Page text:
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Loss of estrogen from both natural and surgical menopause is known to affect memory—women in menopause often report memory loss or difficulty focusing on tasks. A number of studies have shown that women who undergo bilateral oophorectomy before they experience natural menopause are at increased risk of cognitive decline and dementia compared with women who have intact ovaries.
Many of these studies also showed that cognitive issues improved when women started estrogen replacement therapy after surgery and continued through age 50 or longer. Additional research is needed to better understand the effects of estrogen and progesterone replacement on memory and the optimal timing for hormone replacement. Women in surgical menopause are encouraged to discuss the risks and benefits of hormone replacement therapy with their health care provider.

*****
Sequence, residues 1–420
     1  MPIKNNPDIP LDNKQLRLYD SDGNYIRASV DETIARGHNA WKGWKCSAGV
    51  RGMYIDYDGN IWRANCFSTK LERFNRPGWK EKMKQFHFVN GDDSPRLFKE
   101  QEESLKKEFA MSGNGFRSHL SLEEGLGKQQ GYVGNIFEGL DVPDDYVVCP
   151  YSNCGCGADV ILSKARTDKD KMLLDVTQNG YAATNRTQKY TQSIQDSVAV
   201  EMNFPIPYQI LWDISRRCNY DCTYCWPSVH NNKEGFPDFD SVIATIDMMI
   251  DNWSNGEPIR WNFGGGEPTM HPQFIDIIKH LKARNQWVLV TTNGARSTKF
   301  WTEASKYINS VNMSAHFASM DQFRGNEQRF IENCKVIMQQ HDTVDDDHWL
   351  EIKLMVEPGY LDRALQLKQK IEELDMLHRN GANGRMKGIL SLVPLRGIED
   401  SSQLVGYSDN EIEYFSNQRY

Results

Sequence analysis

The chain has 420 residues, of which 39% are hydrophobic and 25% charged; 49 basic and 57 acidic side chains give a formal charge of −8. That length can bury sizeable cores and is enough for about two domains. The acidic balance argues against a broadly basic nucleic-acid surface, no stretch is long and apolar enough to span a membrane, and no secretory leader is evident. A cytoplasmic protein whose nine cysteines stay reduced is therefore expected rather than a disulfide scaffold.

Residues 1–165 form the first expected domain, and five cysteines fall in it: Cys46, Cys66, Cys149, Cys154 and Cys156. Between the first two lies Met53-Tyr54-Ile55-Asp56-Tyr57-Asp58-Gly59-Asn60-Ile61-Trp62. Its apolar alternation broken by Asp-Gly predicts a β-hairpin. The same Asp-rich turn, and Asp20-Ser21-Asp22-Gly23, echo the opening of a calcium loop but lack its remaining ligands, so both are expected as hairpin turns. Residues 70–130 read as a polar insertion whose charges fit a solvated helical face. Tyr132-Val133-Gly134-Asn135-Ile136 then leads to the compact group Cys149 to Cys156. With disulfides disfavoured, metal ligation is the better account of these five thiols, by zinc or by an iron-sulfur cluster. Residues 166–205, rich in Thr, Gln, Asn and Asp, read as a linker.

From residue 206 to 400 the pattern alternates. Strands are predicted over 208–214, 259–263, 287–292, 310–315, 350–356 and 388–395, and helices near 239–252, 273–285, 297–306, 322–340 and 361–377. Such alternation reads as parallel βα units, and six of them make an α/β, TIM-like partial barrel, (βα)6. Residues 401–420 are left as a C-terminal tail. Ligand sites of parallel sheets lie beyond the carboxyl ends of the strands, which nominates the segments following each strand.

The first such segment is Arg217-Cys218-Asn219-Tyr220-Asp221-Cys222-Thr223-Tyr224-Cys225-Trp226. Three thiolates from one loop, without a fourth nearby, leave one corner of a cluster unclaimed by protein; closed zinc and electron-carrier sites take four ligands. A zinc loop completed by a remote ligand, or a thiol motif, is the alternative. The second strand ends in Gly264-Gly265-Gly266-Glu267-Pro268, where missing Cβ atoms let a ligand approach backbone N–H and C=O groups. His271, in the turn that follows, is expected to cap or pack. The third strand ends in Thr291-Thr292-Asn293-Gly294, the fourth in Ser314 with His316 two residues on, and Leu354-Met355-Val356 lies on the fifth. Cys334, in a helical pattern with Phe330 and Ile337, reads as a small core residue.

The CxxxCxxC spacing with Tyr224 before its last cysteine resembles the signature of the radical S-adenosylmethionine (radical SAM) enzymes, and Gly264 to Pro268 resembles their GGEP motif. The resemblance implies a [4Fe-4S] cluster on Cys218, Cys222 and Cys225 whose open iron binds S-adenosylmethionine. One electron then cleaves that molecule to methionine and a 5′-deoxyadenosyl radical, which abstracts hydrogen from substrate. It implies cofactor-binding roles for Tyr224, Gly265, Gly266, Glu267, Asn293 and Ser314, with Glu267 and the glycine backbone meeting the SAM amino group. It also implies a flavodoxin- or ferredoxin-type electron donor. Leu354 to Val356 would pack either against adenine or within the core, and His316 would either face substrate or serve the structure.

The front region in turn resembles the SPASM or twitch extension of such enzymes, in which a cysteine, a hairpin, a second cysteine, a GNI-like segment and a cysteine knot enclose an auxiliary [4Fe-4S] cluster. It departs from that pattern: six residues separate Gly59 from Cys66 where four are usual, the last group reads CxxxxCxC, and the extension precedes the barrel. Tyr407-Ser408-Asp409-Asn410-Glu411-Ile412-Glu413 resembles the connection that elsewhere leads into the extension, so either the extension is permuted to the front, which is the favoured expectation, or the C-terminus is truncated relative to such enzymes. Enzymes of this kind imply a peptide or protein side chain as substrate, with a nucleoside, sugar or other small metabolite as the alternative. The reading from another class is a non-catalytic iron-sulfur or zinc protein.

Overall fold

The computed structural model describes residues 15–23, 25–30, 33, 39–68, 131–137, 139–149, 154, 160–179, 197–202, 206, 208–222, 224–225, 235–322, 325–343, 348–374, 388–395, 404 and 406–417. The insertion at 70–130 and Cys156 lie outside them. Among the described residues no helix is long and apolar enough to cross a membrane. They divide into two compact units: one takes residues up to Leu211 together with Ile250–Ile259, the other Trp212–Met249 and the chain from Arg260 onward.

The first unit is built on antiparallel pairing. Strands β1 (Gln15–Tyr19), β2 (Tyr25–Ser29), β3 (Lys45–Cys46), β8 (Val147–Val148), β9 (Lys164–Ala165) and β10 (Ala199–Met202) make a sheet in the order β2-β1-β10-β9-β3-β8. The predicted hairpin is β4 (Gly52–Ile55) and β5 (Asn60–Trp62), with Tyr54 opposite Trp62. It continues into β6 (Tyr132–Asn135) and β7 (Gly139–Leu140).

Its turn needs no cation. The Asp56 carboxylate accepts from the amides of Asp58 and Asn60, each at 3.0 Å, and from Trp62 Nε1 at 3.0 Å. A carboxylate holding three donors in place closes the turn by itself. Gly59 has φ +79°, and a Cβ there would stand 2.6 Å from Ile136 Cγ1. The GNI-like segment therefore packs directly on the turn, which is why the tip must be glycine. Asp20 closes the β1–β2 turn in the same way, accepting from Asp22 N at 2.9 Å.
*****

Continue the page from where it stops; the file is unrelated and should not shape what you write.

Disruption in sleep, which is also associated with menopause, can affect memory; addressing sleep disturbances may improve memory. Additionally, experts recommend eating a healthy diet, avoiding alcohol, stimulating your brain with puzzles and reading, and getting adequate sleep. Ginkgo biloba and other supplements (these are not approved by the FDA) are rumored to improve memory, but none have proven effective through research.
Researchers are looking at new ways to improve memory after menopause. Visit our Research Study Search Tool to find clinical trials studying ways to improve memory after menopause.